It's Not Just You, There Actually Are A Lot More Chipmunks Out There
If you’ve been spending any time hiking this summer, walking through the woods or even just driving along Vermont roads, you wouldn’t be alone in thinking: Are there chipmunks, like, everywhere this year?
We turn to a small mammal biologist for answers.
It's been a good year for chipmunks in the northeastern U.S. A really good year.
“Yeah, there are quite a few additional chipmunks this year,” says biologist Bill Kilpatrick dryly. Kilpatrick is a professor emeritus at the University of Vermont and the author of the Vermont Small Mammals Atlas. He says the good year for the chipmunks actually started last year, when there was a bumper crop of beechnuts and acorns and other mast. The chipmunks were able to hoard their nuts, as chipmunks are wont to do, giving them a head start going into hibernation.
“And so,” Kilpatrick explains, “as they were arousing during the winter they found that they had an abundance of food. That meant that they actually arose from hibernation earlier in the year and they also then had very high survivorship of their first litter of young.”
And if you think you're seeing a lot of chipmunks now, just wait. Chipmunks have the ability to control their reproductive cycles in abundant food years to have a second litter right about now.
Remember back to your lessons about the food chain and it likely won't surprise you to hear that chipmunk predators, like owls, are also likely to do pretty well this summer and fall.
Says Kilpatrick, “There will be increased numbers of predators, not only bird predators but also things like weasels and foxes will also increase. And chipmunks are omnivores, so they're going to feed on other prey items like songbirds, like songbird eggs, like frogs. That makes up a portion of their diet as well.”
But the real winner in this boom and bust cycle might actually be the trees. Kilpatrick says the trees themselves have a strategy to actually kill off some of their predators.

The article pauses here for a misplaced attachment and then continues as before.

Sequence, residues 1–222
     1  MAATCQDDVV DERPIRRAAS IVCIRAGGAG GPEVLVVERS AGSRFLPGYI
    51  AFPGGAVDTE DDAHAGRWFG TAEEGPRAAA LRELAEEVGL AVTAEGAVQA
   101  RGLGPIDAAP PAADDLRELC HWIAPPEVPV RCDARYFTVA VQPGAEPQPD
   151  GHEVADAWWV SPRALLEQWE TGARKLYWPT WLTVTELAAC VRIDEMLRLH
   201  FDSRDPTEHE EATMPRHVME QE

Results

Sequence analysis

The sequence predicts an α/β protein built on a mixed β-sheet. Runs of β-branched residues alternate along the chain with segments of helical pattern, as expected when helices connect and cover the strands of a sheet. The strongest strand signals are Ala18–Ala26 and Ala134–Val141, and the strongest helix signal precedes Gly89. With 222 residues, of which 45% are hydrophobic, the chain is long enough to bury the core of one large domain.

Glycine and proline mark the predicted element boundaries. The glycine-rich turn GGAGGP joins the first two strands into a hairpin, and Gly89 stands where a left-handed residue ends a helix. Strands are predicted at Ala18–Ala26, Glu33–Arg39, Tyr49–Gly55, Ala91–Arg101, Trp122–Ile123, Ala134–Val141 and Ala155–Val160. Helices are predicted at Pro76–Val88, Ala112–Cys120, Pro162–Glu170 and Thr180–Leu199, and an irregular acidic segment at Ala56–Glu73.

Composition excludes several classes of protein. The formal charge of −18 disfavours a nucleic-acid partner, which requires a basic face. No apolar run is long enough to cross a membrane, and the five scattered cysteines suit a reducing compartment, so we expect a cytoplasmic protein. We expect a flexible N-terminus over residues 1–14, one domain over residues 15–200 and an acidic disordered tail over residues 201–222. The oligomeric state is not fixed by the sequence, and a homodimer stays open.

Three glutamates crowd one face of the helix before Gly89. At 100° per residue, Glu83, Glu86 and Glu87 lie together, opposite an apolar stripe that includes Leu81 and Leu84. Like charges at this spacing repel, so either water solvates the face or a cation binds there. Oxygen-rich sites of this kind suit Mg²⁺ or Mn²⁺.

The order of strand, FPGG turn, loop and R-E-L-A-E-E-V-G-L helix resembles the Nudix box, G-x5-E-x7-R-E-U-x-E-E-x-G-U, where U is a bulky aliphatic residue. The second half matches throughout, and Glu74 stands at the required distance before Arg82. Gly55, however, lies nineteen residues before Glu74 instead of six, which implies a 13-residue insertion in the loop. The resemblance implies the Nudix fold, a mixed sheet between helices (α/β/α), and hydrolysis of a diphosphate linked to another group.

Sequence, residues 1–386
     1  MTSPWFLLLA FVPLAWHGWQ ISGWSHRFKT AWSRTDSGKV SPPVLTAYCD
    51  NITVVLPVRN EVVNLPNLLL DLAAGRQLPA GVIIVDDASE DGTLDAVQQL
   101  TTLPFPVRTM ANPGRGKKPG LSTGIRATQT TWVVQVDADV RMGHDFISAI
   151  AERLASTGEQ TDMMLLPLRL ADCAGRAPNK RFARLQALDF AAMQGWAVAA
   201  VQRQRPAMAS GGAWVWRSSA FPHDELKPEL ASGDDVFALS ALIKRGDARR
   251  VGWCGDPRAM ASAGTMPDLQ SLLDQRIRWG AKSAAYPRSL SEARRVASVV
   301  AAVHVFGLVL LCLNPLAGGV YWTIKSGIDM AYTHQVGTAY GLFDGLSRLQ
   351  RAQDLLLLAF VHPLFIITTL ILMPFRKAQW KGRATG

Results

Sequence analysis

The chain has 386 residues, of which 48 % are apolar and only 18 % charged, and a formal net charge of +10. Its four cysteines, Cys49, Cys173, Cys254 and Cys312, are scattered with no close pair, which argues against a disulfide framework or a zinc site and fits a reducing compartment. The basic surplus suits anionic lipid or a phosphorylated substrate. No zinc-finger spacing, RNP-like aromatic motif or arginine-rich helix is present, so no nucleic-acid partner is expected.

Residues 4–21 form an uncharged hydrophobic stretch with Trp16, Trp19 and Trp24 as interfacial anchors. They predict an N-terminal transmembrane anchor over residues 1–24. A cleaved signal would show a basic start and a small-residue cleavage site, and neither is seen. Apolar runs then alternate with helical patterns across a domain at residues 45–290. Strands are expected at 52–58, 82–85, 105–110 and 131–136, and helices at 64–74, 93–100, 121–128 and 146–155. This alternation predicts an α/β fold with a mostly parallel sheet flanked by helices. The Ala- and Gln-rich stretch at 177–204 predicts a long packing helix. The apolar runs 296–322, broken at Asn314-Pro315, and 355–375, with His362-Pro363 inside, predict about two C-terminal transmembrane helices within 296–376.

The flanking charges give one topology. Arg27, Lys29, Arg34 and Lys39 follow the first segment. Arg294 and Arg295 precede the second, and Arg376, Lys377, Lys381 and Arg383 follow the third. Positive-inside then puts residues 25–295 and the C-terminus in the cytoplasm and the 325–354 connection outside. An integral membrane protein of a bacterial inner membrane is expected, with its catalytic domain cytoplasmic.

"They use a strategy of trying to produce a lot of mast and then the following year produce very low mast so that the predators on those seeds essentially starve to death and are not there." - Bill Kilpatrick, University of Vermont
“They use a strategy of trying to produce a lot of mast and then the following year produce very low mast so that the predators on those seeds essentially starve to death and are not there. So they're playing the game kind of like the wildebeests on the Serengeti, producing all their seeds or all their young at one time so that the predators, in this case the seed predators, just can't feed on all of them and many of them survive to produce new trees.”
Now, you may remember a superabundance of other rodents, squirrels, in 2018. That was another big mast year, but Kilpatrick hypothesizes that the difference between a squirrel-pocalypse and a chipmunk invasion is in how they live: “It probably has to do with very subtle things about the difference in the reproductive strategy. The chipmunks are underground whereas the grey squirrels are up in trees in hollows in the trees and hollows in the logs. So with climate conditions maybe chipmunks had a real head start this year over grey squirrels.”
As for why all the chipmunks in northern New England seem to want to run directly in front of your car, Kilpatrick has a theory about that, too.
“I think because there's just so many of them,” he laughs. “And they're trying to establish their own areas and they're many times they're chasing each other. We see a lot of interactions with chipmunks chasing each other and running right in front of cars.”
Other Vermonters are telling Vermont Edition that the chipmunks have invaded their gardens, crawled up inside their cars, and found refuge in their houses. But people who enjoy the antics of these chubby-cheeked mammals are enjoying the uptick in the chipmunk population while they can.
Broadcast live on Thursday, July 2, 2020 at noon; rebroadcast at 7 p.m.